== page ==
May 26, 2024

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Stay Mobile or Stay Put | Fall Run Survival Guide

(Photo by Matt Haeffner)

The fall run is a chaotic and wonderful time to be a striped bass angler. Even though fishermen throughout most of the Northeast can count on about two solid months of fishing for migrating stripers between Labor Day and New Year’s, there’s a “blink-and-you’ll-miss-it” feel that causes us to cast with a sense of urgency that wasn’t present back when the bass were migrating north. To help make the most of this year’s fall striper migration, we’ve compiled this “Survival Guide” by surveying some of the most dedicated surfcasters in the Northeast and sharing some of our favorite tips for the final months of the striper season. – Jimmy Fee

Most fishermen go after stripers in the fall, and keep moving until they find the fish, having a “milk run” of beaches and boulder fields to check for activity. Fall fishing can be very visual, with diving birds, fleeing bait, and blitzing stripers. This time of year, it’s always good to keep some binoculars in the truck to scan the beach for signs of a big school. 

Staying put can also be a good strategy if you know of a location where the fish are bound to move through. It may mean enduring periods of slow fishing, but when the migration reaches the beach you’ve been staking out, the reward is well worth it.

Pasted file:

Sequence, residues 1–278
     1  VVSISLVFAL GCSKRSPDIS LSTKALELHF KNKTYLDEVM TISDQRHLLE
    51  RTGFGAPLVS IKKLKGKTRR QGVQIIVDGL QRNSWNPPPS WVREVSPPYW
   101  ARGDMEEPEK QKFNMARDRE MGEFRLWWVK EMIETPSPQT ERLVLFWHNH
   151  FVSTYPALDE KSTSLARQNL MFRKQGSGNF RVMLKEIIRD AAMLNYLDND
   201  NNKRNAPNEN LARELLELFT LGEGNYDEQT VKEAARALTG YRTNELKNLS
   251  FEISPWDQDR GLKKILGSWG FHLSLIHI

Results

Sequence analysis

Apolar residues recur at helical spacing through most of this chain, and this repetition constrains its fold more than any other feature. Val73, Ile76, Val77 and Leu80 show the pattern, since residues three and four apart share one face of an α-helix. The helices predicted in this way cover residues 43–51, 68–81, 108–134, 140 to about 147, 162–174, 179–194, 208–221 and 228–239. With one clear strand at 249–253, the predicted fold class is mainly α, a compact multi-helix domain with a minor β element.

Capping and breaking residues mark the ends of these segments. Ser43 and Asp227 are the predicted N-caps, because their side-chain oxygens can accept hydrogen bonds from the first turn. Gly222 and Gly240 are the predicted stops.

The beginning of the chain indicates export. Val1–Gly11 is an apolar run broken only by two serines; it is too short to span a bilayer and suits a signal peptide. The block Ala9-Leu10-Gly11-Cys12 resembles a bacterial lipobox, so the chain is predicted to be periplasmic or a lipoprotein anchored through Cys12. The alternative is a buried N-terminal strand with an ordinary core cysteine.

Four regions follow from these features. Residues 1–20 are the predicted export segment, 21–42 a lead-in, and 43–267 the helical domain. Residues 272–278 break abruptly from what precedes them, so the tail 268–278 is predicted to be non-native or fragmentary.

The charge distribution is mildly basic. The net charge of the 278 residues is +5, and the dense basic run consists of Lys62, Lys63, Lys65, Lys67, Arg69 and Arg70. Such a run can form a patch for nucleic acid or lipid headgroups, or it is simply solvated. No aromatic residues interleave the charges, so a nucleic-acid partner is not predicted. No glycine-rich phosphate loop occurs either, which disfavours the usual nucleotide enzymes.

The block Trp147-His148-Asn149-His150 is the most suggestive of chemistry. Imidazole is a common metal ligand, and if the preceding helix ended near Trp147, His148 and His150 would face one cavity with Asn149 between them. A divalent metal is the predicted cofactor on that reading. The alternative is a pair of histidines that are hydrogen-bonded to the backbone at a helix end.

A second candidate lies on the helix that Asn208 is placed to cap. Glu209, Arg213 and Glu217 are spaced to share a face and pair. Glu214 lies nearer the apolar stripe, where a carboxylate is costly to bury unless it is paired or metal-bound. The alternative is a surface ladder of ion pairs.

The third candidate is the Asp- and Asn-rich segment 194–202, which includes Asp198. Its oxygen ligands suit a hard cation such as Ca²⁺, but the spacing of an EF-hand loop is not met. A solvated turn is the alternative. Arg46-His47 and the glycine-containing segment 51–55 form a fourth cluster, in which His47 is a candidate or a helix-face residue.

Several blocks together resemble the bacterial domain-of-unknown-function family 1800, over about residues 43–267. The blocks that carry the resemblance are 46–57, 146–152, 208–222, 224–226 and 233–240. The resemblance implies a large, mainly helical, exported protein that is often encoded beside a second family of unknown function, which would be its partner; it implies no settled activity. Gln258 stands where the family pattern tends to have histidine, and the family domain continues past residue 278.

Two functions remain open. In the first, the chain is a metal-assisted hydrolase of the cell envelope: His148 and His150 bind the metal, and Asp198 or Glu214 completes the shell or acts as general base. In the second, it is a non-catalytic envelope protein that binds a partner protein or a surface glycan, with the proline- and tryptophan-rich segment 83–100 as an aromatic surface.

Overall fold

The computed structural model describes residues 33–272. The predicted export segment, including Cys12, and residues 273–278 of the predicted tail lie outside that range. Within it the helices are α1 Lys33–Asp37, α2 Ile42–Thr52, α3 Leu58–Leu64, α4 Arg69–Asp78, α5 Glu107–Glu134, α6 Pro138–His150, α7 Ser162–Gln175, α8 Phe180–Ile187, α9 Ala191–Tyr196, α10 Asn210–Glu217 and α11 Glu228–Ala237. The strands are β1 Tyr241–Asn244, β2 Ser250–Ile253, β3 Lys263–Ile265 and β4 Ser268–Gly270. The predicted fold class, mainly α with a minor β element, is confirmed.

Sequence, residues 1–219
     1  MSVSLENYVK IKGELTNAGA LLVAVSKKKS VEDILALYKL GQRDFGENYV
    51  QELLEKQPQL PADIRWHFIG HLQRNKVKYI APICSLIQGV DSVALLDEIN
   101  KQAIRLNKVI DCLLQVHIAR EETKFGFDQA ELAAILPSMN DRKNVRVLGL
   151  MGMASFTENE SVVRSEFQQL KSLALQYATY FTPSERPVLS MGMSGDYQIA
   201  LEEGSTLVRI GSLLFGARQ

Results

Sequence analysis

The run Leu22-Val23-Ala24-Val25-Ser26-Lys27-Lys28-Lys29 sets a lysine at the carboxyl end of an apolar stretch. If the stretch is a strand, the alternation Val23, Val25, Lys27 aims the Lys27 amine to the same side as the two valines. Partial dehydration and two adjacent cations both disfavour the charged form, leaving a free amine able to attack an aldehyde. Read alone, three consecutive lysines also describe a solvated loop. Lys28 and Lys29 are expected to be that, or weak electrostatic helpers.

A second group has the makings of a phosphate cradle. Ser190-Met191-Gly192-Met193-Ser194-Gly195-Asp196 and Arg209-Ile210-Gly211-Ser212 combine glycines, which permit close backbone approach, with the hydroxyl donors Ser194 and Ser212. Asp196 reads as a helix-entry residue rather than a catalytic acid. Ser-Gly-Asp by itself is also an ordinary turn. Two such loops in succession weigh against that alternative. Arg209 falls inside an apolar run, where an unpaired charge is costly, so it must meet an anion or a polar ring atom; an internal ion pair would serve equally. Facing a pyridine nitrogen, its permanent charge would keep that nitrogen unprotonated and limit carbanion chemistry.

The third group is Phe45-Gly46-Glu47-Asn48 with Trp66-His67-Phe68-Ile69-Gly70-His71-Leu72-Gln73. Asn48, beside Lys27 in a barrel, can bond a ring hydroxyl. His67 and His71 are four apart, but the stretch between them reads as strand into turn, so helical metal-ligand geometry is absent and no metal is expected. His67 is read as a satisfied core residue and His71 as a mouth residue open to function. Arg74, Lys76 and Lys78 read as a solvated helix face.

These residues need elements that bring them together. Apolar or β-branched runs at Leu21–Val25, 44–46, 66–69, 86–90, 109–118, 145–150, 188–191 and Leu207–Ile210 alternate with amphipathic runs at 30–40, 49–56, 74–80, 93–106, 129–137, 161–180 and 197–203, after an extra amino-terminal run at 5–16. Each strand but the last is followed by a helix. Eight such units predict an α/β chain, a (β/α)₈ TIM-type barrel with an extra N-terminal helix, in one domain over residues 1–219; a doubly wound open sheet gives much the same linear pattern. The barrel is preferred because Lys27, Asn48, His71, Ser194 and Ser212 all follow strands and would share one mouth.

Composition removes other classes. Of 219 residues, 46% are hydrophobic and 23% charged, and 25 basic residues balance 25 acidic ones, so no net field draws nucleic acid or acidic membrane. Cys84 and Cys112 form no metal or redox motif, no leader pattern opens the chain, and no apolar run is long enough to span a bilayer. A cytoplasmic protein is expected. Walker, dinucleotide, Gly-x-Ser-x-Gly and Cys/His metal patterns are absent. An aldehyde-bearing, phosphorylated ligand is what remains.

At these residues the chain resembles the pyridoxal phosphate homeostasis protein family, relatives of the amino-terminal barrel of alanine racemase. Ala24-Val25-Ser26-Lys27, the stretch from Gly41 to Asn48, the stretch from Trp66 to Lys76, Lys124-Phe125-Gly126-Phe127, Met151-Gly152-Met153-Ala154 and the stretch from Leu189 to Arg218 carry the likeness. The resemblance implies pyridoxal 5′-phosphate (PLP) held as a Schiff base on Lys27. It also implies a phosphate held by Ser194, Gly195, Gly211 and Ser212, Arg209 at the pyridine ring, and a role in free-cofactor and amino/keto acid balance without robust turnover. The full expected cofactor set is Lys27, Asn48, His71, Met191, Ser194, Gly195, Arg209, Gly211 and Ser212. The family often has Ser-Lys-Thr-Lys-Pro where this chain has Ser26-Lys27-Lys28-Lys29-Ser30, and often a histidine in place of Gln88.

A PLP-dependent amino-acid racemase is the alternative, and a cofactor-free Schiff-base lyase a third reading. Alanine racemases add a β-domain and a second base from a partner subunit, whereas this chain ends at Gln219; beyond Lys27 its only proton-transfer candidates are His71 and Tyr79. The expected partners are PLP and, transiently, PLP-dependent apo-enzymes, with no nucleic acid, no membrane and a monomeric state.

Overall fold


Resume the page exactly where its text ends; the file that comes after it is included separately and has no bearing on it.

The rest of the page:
Fall means moving fish. Even when I’m on fish, I move to find bigger ones. That has paid off immensely on more than a few occasions, especially when bunker schools were around.”
– Tim Regan, South Fork Salt, New York

“At some places, I won’t even bother getting out of the truck unless I see some sort of activity. Others, I will give an hour or so of blind fishing before moving on.”
– Steve Gallant

“Maine’s summertime haunts typically produce until the very end of the fall run and I’ll stake out my territory there.”
– Anthony Pizzella

“I fish spots where I have caught in the past. I know when and where they “should be,” and put in my time. When you’re on the fish, it’s key to stay on them because they seem to move in bigger schools—it’s exceptional fishing in some areas and very poor fishing everywhere else. Find spots where fish have to pass through and gets you in well-oxygenated water, then fish it hard.”
– Craig Cantelmo, Van Staal Reels, New York

“I very rarely search or hunt for bites at any time in the season; instead, I opt to cycle through a small repertoire of spots until I find fish. Once I do, I stay on them until the bites dies off, then I begin the cycle again.”
– Toby Lapinski

“Regardless of tide, current, weather, moon, date, or anything else, I am on the Cape Cod Canal almost every day for 8 months.”
– East End Eddie Doherty

Most of the miles on my truck are fall-driven miles. I live 25 minutes from Montauk and 25 minutes from the Shinnecock Canal, which are my boundaries. So, if one area hasn’t been producing, I move in either direction in search of fish and life. I try my best to find a bite/pattern every time I go out, even if that means long hauls and catching specific tides in specific locations.”
– Stephen Lobosco

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The post Stay Mobile or Stay Put | Fall Run Survival Guide first appeared on On The Water.

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